Copying has always been a part of internet culture. Sometimes it’s ethical, sometimes not. It’s almost always incentivized: Once social media began reshaping online life, copying became a go-to tactic for getting views.
When copying crosses an ethical line, we generally call it plagiarism. And plagiarism is thriving online as well. Get good enough at it — and don’t get caught — and you can make money by simply lifting the hard work of someone else and packaging it as your own. With so much content online, plagiarism can sometimes simply outrun efforts to detect it. The rise of AI-generated content is only piling on to this existing problem.
It’s easy to see how we got here. Memes work by copying and tweaking an existing idea, sound, or image. Viral “challenges” ask people to film themselves literally doing the same thing as someone else, from pouring ice water on their head to performing specific choreography to a song that just blew up on TikTok. If social media success thrives on creating things that other people will want to share, then what better way to ensure clicks than by doing the same thing that worked for someone else?
The line between imitation and plagiarism should be clear. Bad actors try to benefit when it’s not. In the maximalist decor DIY space earlier this year, one influencer publicly accused another of copying her project videos, when it appeared that the two creators may have just happened upon some of the same design trends at the same time. And over the weekend, I watched a nearly four-hour YouTube video hosted by Harry Brewis, who posts as Hbomberguy, that laid out how optimized copying becomes plagiarism, a video that spent a great deal of time analyzing one video essayist in particular: James Somerton, a queer YouTube essayist.
The plagiarism allegations against Somerton are pretty grim in this video, and include instances in which Somerton appeared to copy text from academics working in queer culture and history, a book and documentary on the history of LGBTQ people in film, other queer YouTubers, and essays published across the web, including, it seems, at least two articles from Vox. But one thing struck me about how Brewis approaches this topic: It’s not taken as a given in this video that his audience will care about stolen content.
About 40 minutes into the video, Brewis addresses this directly, telling his viewers that, in part, you should care about plagiarism on YouTube because “internet video isn’t a silly playground where teens pretend to be scared of scary horror games anymore. It’s a business.” Plagiarism of and among creators is stolen labor.
This all brings to mind probably the biggest intellectual property story of the year: How copyright law applies to AI-generated content. A federal court ruled against someone who tried to copyright a piece of art created by generative AI earlier this year, writing that so far “no court has recognized copyright in a work originating with a nonhuman.” Generative AI companies have been hit with a number of class action lawsuits arguing that they have unethically lifted from published works in their training data. But the issue is not settled, and as Axios notes, the volume of work generated by AI is vastly outpacing attempts to decide who gets to profit from it. And while there are plenty of people worried about all sorts of things AI might do, it seems even trickier to get a plagiarism accusation against a machine to stick.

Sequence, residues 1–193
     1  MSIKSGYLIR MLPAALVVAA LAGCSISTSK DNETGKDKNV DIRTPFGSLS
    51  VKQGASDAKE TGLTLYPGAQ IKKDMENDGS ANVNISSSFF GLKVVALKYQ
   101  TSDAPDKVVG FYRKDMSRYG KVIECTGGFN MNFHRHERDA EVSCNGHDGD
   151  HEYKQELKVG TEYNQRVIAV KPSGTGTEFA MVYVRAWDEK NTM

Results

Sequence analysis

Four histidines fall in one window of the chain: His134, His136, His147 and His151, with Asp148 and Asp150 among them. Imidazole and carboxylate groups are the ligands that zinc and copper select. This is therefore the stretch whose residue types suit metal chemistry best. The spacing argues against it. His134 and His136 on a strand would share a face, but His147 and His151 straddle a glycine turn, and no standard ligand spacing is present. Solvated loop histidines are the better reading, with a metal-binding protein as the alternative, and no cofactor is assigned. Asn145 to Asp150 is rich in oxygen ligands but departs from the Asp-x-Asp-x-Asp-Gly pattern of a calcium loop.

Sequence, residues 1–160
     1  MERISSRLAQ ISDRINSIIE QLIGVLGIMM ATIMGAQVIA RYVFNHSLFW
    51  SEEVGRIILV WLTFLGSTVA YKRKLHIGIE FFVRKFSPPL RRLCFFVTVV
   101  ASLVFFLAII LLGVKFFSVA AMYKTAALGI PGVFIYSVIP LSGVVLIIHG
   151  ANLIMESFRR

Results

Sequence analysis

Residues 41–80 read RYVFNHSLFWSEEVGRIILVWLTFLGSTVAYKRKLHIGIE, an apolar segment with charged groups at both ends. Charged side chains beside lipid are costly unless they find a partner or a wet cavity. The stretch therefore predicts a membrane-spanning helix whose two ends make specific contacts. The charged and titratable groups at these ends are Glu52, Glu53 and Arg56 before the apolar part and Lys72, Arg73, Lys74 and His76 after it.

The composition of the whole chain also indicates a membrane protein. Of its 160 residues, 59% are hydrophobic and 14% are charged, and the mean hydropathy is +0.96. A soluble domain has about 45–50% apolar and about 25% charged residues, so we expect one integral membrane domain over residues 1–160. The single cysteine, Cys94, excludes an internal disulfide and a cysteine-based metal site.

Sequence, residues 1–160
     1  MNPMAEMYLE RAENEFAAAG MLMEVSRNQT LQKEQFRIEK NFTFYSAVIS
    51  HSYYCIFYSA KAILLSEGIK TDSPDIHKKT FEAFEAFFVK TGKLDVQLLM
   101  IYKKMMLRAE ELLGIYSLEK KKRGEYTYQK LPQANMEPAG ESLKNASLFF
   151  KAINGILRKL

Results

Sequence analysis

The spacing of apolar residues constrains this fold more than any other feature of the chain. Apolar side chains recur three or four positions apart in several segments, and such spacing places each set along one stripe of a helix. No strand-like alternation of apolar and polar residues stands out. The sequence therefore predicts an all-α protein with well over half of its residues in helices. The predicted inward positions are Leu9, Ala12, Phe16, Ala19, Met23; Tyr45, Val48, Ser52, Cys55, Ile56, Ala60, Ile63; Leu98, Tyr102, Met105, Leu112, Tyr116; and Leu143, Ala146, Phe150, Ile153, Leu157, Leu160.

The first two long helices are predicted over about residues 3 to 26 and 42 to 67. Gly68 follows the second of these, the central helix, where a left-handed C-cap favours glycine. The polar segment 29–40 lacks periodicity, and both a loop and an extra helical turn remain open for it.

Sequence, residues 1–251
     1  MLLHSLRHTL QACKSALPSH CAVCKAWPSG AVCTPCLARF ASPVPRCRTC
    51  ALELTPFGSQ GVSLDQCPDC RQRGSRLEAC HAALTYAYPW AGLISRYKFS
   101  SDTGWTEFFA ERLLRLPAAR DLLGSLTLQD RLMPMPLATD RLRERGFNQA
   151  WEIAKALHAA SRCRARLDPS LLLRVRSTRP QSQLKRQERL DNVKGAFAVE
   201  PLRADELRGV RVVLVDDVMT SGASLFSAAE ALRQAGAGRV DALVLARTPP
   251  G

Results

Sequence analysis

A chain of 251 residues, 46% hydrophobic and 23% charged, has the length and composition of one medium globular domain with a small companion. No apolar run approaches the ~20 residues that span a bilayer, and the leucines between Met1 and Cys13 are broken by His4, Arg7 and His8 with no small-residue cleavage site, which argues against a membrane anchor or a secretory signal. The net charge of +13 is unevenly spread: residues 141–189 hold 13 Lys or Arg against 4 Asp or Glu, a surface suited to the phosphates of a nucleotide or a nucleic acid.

Brewis’s video convinces users to care about Somerton’s apparent plagiarism by looking at who gets harmed: in this case, the less-famous queer writers and YouTubers whose work was seemingly lifted for Somerton’s videos. These writers, Brewis notes, are often not compensated or credited adequately for their ideas in the first place. Having a creator who also is part of the LGBTQ community steal from his peers in order to earn money for himself is a community harm.
There’s no equivalent for AI. AI isn’t part of a community or an occupation that has ethical standards to apply. It might be wrong for a generative AI tool to train on and essentially copy creative works without compensation or permission, but the creators of tools like ChatGPT are generally not participants in the communities they are lifting from in order to train their systems. Perhaps that’s why a lot of the bigger conversations about AI and plagiarism right now seem to focus on students using AI-generated writing to plagiarize their papers.
But AI, like YouTube creation, is a business, run by people who are making money off of its use, including by cheating students and by well-meaning users whose DALL-E prompts might accidentally generate a copy of a work by Greg Rutkowski. Although the legal and ethical issues surrounding these two spaces sound very different, they’re both essentially about stolen labor.
Somerton has seen some short-term consequences from Brewis’s video. He’s lost 50,000 subscribers in the past month, according to SocialBlade, mostly in the past few days. His Patreon and X accounts are now inaccessible. His YouTube channel remains live. Meanwhile, Brewis’s video has nearly 6 million views as of the afternoon of December 6. Does that mean Brewis successfully made people care about plagiarism on the internet?
Perhaps for a little while, at least. The idea that someone would have to make the case to care about online plagiarism implies that, historically, scandals like these have been survivable for creators. Jonathan Bailey, a writer who tracks online plagiarism for Plagiarism Today, said he was “confident” that Somerton, along with another creator discussed in the video, would at least attempt to reignite their careers after attention moves on.
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